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How do I setup a podcast with multiple guests? So that each guest has his own mic?

post #1 of 7
Thread Starter 

I'm going to layout a problem I have, and I need help from educated musicians, radio hosts, and podcasters to tell me what I need to have to fix this problem.

Scenario: I have 3 microphones, 3 headphones, and 3 guests. Each guest has his own microphone and his own headphone (so that the guest can hear his own voice). Everyone is located in the same room.

Problem: How do I set this up in a way that all 3 guests can hear each other through their headphones? What equipment is needed.
I may also want a multi-track recorder. If I did get one, how would it play into effect? What do I need, and what plugs into what?


Please help me fix this issue so that I can start my podcast!


Edited by WaldoJones - 3/23/14 at 3:17pm
post #2 of 7
Thread Starter 

Hello? Anybody? I really need help getting this setup, I have no idea where to start.

post #3 of 7

You need a mixing board that will accommodate all the I/Os you need. There may be a bit of a learning curve but that's the only way I can see to do it. I've always liked Mackie products so I'd start looking there. There may be cheaper options but their components have always seemed very high quality. Depending on the model of mixer you should have your option of output choices to run to some kind of headphone hub. Not sure on the headphone output options on these mixers, maybe there's one with multiple headphone outs.... I dunno

 

That's the way I'd go. Inputs=> Mixer=>Headphone hub=> your earballs.

post #4 of 7
Thread Starter 
 
Originally Posted by benthughes View Post
 

You need a mixing board that will accommodate all the I/Os you need. There may be a bit of a learning curve but that's the only way I can see to do it. I've always liked Mackie products so I'd start looking there. There may be cheaper options but their components have always seemed very high quality. Depending on the model of mixer you should have your option of output choices to run to some kind of headphone hub. Not sure on the headphone output options on these mixers, maybe there's one with multiple headphone outs.... I dunno

 

That's the way I'd go. Inputs=> Mixer=>Headphone hub=> your earballs.

So... Microphones > Mixer > Headphone Amplifier?  > Everyone's Headphones?

 

Is there anything else I need to know? What's compression? And I keep hearing something about audio conversion, but they're not referring to the audio files.

post #5 of 7

Allrighty... In terms of audio conversion, what they may mean is taking the analog signal... your voice into the mics, into the mixer, out to your headphones. That's all an analog signal. To record you'll need to record it in a digital format you'll need to shoot it into a program to record it like Garageband or something. Not sure if that's what they mean but you're going to make what's going into the microphones digital to upload it to your podcast. How you do that is up to you.

 

Compression. The easiest way to put it is that compression makes loud bits quieter and quiet bits louder. You can modify the amount of compression you use to get a desired effect. An example as a guitarist/bassist is that I'd use compression to make harmonics or quieter techniques more emphasized or when switching from clean to distortion use compression to make the recording more uniform and not blow your ass out. In basically compresses the dynamic range. I'm not sure how useful it'd be in a podcast... Maybe to decrease volume spikes associated with "P" or such sounds. Individual volume discrepancies can be adjusted at the mixer.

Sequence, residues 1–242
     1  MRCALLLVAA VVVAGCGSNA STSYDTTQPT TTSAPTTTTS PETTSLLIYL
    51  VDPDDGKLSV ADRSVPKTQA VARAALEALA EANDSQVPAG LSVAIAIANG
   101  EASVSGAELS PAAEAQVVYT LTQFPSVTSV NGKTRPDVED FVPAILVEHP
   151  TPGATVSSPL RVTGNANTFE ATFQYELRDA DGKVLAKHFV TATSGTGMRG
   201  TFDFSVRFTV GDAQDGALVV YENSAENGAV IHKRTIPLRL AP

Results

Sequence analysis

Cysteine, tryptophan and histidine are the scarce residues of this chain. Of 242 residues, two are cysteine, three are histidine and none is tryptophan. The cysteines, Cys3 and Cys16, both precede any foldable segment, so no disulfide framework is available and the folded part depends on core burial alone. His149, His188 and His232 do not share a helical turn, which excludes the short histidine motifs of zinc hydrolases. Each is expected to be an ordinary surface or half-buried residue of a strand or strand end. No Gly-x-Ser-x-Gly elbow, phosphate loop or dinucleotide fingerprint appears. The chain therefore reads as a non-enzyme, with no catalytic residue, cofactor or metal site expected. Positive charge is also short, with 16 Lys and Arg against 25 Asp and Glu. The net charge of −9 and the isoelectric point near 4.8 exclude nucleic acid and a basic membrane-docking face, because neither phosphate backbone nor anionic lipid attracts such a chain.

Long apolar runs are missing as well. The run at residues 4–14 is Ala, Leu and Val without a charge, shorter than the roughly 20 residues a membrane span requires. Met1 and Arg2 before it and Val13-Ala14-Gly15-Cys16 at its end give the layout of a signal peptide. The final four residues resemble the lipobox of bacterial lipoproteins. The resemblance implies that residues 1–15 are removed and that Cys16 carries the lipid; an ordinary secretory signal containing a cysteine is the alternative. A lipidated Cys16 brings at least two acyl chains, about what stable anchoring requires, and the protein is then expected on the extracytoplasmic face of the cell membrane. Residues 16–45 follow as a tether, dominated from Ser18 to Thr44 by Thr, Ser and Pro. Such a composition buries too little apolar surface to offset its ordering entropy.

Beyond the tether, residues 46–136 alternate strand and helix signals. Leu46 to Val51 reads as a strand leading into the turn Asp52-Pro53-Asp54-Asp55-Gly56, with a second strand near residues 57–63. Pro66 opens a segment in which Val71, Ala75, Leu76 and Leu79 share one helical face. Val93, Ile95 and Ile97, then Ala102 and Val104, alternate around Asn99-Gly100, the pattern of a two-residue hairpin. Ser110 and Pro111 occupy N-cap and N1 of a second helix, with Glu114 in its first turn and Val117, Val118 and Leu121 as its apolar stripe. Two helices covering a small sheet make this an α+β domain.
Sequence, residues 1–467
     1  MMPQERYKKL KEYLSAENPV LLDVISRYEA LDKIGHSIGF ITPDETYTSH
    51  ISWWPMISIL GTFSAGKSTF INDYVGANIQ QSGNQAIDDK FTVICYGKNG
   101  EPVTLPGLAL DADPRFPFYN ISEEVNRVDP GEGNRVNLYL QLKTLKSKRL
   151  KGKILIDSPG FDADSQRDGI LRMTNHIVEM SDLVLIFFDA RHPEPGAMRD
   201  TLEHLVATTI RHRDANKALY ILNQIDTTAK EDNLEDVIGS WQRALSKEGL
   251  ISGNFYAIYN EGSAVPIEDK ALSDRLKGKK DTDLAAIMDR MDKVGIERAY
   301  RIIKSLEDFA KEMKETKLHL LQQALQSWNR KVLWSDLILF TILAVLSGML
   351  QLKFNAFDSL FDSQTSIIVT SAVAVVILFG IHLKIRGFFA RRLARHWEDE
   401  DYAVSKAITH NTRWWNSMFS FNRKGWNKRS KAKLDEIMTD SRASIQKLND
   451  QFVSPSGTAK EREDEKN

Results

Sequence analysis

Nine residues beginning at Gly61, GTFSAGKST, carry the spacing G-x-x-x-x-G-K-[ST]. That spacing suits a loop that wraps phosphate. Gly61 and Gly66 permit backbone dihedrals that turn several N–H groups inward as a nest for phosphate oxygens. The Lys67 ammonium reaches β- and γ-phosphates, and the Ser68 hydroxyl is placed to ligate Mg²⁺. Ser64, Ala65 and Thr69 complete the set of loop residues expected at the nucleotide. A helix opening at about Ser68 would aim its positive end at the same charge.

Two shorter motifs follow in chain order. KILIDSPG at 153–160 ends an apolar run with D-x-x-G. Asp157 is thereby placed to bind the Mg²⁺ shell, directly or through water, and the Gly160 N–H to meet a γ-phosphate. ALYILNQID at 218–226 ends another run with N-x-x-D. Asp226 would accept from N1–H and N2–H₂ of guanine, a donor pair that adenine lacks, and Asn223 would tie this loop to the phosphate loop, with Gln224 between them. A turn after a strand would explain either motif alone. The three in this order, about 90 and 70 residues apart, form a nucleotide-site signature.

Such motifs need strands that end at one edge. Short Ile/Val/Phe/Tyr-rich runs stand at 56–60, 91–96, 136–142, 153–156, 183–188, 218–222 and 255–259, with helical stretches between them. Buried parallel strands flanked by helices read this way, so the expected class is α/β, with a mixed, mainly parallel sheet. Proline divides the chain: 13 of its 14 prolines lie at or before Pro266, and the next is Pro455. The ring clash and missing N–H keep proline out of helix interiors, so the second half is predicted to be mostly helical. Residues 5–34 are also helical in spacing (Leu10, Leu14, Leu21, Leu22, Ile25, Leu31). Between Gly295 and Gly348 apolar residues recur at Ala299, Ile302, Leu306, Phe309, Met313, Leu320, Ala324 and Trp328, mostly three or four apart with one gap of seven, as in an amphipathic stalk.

When getting into recording, using mixers, digital music recording and editing there is a bit of a learning curve even for something as straight forward as a podcast. Do some research and have fun!

post #6 of 7

I just re-read my post... sorry it sounds rambly, I'm kinda sick right meow and would rather apologize than edit for clarity.

post #7 of 7
Thread Starter 
Quote:
Originally Posted by benthughes View Post
 

Allrighty... In terms of audio conversion, what they may mean is taking the analog signal... your voice into the mics, into the mixer, out to your headphones. That's all an analog signal. To record you'll need to record it in a digital format you'll need to shoot it into a program to record it like Garageband or something. Not sure if that's what they mean but you're going to make what's going into the microphones digital to upload it to your podcast. How you do that is up to you.

 

Compression. The easiest way to put it is that compression makes loud bits quieter and quiet bits louder. You can modify the amount of compression you use to get a desired effect. An example as a guitarist/bassist is that I'd use compression to make harmonics or quieter techniques more emphasized or when switching from clean to distortion use compression to make the recording more uniform and not blow your ass out. In basically compresses the dynamic range. I'm not sure how useful it'd be in a podcast... Maybe to decrease volume spikes associated with "P" or such sounds. Individual volume discrepancies can be adjusted at the mixer. 

 

When getting into recording, using mixers, digital music recording and editing there is a bit of a learning curve even for something as straight forward as a podcast. Do some research and have fun!


Thank you very much. You really cleared compression up nicely. It's essentially a type of range or limit? All sounds can't pass this range because they'll be reduced or eliminated?

 

Here is what the other guy said:

Quote:
 I use the analog to digital sound converter in my Mac. If you have a PC, chances are you'll need either an external A/D converter such as the Behringer UCA-202 that I have..
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